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Rape victim testifies in Prieto trial

Tom Jackman

A California woman who was abducted at gunpoint by Alfredo Prieto in 1990, then raped and stabbed by another man while Prieto was raping and killing her best friend, made a surprise appearance in a Fairfax County courtroom Wednesday to bolster the prosecution's case that Prieto should be executed.

It was a second day of new developments in a trial that has largely been a repeat of two previous prosecutions in Fairfax. On Tuesday, Prieto spoke in court at length for the first time.

Prieto, 44, was convicted and sentenced to death in 1992 for the rape and murder of 15-year-old Yvette Woodruff, in 1990 in Ontario, Calif. But his appeals in California have lasted for 18 years with no end in sight, so Virginia prosecutors elected to extradite him to Fairfax and try him for the double murders of Rachael A. Raver and Warren H. Fulton III, in a vacant lot near Reston, in December 1988.

A Fairfax jury in 2008 convicted Prieto of capital murder and sentenced him to death, but the Virginia Supreme Court ordered the sentencing phase to be redone.

Now a new jury is in its second week of hearing testimony solely on the issue of whether Prieto should be given a life or death sentence.

As the prosecution's last witness, Fairfax Commonwealth's Attorney Raymond F. Morrogh called a 37-year-old California woman. The Post does not generally identify sexual assault victims, and the woman asked that her name be withheld.

The woman said she and her friend, Woodruff, had followed the woman's mother to a friend's house in Ontario on Sept. 2, 1990. As they pulled in the driveway, the woman said, Prieto suddenly appeared at her driver's side window, and "there was a gun to my head."

Sitting about six feet away from Prieto, the woman testified that Prieto demanded her money and keys, forced her, her mother and Woodruff into the backseat and told them to keep their heads down. Two other men climbed into the front seat with Prieto, she said. They drove off.

Testimony at Prieto's California trial indicated he was a member of a gang called Pomona North Side, and a "PNS" tattoo on his neck still peeks over his dress shirt collars. Woodruff was dating a member of a rival gang, the Ontario Black Angels, and Prieto had just finished robbing another member of that gang when Woodruff and her friend, then 17, pulled in.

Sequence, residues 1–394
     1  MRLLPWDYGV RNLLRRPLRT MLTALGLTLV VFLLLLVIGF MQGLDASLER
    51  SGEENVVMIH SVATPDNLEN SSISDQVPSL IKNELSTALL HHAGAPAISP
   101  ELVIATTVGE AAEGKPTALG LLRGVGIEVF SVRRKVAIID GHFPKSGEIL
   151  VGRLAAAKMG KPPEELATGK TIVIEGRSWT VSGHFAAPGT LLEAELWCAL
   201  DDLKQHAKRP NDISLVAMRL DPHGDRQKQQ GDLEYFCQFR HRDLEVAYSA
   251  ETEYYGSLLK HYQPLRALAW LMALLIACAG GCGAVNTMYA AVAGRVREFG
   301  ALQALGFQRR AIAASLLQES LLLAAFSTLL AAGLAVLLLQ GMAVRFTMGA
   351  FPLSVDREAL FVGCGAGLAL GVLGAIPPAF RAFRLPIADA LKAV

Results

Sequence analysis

One of Prieto's friends in the front seat asked to be let out of the car, the woman testified Wednesday, and did climb out. But Prieto drove to a party and picked up another man, and they eventually headed to an abandoned building surrounded by a field, the woman said.

There, each man took one of the women from the back seat and went in separate directions. The woman said she heard Woodruff crying and asking for help, and then she heard one gunshot -- and then nothing more. Morrogh said Woodruff was shot once in the top of the head.

The woman and her mother were both raped and stabbed, the woman testified. Then, she said, Prieto "came over and asked the guy who had raped me and stabbed me if he had killed me. I knew I was probably going to get stabbed again."

Her assailant stabbed her in the neck, but as he launched a second blow, she said she raised up her hand and his knife struck a large ring she was wearing and the blade snapped. She said she fell to the ground and pretended to be dead "while the guy kicked me and kicked me in my stomach."

The men drove off in her car. She found her mother, then went to her friend. Woodruff was "sitting slumped up against the tree," the woman said.

Then the prosecution rested.

On Thursday, defense lawyers Peter D. Greenspun and Jonathan Shapiro will launch their case that Prieto was deeply damaged by a traumatic upbringing in war-ravaged El Salvador.

They said he entered the United States legally with his mother in 1981, at age 16, attended high school in California, and eventually moved to Arlington. Both sides have lined up mental health experts to testify about Prieto's mental health in 1988, when he shot and killed both Raver and Fulton.

-- Tom Jackman

By Tom Jackman  | October 6, 2010; 5:18 PM ET
Categories:  Fairfax, From the Courthouse, Homicide, Tom Jackman, Updates  
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As I have said before and I will say again - this low life animal called prieto should be put to sleep in a very painful manner. A real big man, hiding behind a gun. Give me a break you low life punk. You are a piece of garbage.

Posted by: GC77 | October 7, 2010 11:07 PM | Report abuse

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